Newspaper article St Louis Post-Dispatch (MO)

Mardi Hurrah! Fire along Parade Route Doesn't Melt Spirits of Laid-Back Soulard Crowd

Newspaper article St Louis Post-Dispatch (MO)

Mardi Hurrah! Fire along Parade Route Doesn't Melt Spirits of Laid-Back Soulard Crowd

Article excerpt

THE 1997 MARDI GRAS Grand Parade may be remembered as the fire-and-ice one.

What has grown over the past 18 years to be the area's second-largest parade (after the downtown St. Patrick's Day affair) started with an overnight dusting of snow. The frost glazed the traditional purple, gold and green of the Mardi Gras festivities in the Soulard neighborhood.

Then, midway through the scheduled two-hour parade, a spectacular engine fire in a van pulling a float caused the rest of the 170-plus units to be rerouted and eventually canceled. With the fire delaying floats and other marching units, the crowds at the end of the 17-block route began to disperse, thinking the parade was over. Many floats never got off the starting blocks. "No points for pyrotechnics," joshed one of the announcers at the reviewing stand. Celebrity judges at the end of the route, on Seventh Street near Soulard Street, were marking up their choices for best floats. They and the chilled crowds lining Seventh had to hurry past firefighters dousing the van fire to the parade's alternate route, on Russell Boulevard. Soon the judges gave up, and the rest of the parade was canceled. The outcome of the incident, which luckily was without any injuries, typified the laid-back, humorous bent of Soulard's Mardi Gras parade. The abbreviated 1 p.m. parade, threatened by the 0.6 of an inch of snowfall and daytime temperatures that managed to rise to 31 degrees, still drew a respectable 140,000 souls, organizers estimated. Once the van was put out, its float gained an unintended irony. The small float was a papier-mache model of the nearby Gravois Church of God, with its signature steeple in the shape of a lighthouse. It sat forlornly behind the scorched hulk with its sign reading "We'll leave the light on for ya." Despite the fire, Russell Boulevard was jam-packed. Tim Wells and Mary Giannini, visiting medical students from Indianapolis, applauded the informal, un-grand atmosphere of the Grand Parade, which they compared to those at New Orleans' Mardi Gras. …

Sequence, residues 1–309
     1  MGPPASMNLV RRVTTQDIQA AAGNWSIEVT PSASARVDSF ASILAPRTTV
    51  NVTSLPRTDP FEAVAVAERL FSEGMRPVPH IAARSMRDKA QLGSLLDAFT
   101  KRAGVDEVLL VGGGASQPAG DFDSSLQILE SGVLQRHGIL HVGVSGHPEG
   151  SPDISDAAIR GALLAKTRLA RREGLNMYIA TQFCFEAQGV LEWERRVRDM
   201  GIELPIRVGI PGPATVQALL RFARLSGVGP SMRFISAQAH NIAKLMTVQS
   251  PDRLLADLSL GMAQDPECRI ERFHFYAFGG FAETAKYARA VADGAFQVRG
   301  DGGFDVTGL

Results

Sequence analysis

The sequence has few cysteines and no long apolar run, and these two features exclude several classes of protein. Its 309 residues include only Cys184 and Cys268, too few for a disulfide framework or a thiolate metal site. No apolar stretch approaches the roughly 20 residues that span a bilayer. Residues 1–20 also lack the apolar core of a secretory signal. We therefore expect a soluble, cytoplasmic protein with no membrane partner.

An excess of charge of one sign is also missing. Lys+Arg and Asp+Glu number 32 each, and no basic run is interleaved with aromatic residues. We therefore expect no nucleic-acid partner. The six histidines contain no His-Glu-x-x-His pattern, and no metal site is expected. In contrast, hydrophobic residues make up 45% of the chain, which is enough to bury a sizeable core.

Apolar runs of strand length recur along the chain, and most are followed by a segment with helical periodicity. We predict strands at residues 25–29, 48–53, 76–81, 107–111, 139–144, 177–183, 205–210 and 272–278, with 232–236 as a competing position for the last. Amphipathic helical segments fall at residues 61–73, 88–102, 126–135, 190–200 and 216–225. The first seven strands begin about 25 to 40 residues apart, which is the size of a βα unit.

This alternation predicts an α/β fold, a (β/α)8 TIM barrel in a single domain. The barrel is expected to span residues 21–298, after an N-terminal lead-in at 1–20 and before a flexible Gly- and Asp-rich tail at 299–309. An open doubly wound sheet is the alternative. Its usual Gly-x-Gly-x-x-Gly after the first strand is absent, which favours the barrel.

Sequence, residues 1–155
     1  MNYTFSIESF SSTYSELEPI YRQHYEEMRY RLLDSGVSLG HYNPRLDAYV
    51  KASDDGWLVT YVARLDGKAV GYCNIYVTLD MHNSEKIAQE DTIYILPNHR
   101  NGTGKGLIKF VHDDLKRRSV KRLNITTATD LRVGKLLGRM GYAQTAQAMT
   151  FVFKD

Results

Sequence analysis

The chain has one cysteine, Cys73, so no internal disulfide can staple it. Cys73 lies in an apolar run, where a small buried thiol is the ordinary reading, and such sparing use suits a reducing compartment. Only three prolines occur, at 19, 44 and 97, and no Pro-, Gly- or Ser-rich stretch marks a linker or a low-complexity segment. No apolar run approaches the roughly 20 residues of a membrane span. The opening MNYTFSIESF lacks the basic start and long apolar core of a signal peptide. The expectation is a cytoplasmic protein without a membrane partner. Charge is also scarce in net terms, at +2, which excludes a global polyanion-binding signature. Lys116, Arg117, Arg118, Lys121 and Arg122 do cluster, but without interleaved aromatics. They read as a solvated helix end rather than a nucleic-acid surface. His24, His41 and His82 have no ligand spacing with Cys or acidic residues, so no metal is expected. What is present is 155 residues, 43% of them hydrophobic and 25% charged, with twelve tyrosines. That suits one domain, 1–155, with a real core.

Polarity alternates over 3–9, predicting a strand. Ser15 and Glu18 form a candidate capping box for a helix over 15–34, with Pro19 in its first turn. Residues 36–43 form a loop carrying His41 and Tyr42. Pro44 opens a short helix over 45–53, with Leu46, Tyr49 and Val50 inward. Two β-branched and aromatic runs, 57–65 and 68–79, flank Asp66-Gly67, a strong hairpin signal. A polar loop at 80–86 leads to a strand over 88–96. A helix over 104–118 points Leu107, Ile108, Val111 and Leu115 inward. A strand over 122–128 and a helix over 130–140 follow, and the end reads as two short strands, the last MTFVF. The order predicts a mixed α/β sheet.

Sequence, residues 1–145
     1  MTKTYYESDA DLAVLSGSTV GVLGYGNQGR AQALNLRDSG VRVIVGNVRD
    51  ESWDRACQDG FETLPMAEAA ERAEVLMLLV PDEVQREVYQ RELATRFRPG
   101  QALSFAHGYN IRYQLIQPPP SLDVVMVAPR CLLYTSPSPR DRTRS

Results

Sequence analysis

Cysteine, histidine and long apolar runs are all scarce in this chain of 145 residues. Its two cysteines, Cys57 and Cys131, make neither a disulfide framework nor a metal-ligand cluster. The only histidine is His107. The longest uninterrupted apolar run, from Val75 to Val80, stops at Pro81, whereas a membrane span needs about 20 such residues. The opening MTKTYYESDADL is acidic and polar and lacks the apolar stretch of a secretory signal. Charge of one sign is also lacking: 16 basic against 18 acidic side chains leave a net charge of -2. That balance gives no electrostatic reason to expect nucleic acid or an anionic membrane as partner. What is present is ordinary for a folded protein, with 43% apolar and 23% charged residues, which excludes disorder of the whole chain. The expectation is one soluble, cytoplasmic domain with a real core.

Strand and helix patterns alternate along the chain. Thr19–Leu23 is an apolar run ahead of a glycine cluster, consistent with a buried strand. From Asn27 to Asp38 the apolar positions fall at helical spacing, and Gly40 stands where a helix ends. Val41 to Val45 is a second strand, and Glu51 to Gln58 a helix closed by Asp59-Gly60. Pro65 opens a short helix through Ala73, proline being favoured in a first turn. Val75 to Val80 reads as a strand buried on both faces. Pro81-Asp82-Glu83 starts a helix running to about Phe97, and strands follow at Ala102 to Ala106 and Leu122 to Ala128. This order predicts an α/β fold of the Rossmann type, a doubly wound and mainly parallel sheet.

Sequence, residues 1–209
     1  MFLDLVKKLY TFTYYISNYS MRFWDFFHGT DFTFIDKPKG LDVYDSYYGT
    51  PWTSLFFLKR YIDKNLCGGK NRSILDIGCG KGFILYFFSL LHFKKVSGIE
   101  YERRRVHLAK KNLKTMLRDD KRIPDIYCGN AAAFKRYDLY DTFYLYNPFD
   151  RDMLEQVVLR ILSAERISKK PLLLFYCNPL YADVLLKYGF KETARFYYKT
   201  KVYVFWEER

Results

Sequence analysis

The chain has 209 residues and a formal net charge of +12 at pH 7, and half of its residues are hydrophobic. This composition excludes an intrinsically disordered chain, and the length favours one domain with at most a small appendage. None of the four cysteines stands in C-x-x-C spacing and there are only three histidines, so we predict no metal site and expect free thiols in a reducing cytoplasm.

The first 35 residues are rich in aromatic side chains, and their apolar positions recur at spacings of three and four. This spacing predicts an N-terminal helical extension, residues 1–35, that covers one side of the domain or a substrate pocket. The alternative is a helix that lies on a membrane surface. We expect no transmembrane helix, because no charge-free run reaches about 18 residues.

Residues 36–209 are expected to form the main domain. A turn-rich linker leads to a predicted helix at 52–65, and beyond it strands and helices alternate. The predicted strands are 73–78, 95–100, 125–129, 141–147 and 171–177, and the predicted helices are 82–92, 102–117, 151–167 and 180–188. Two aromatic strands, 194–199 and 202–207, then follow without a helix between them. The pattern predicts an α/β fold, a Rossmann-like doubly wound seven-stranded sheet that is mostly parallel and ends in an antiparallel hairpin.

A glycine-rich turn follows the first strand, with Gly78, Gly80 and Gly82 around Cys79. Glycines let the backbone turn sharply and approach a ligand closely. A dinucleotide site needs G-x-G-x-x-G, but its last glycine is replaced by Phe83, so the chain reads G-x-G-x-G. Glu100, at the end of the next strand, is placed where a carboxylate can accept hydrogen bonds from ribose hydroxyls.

Search by... Author
Show... All Results Primary Sources Peer-reviewed

Oops!

An unknown error has occurred. Please click the button below to reload the page. If the problem persists, please try again in a little while.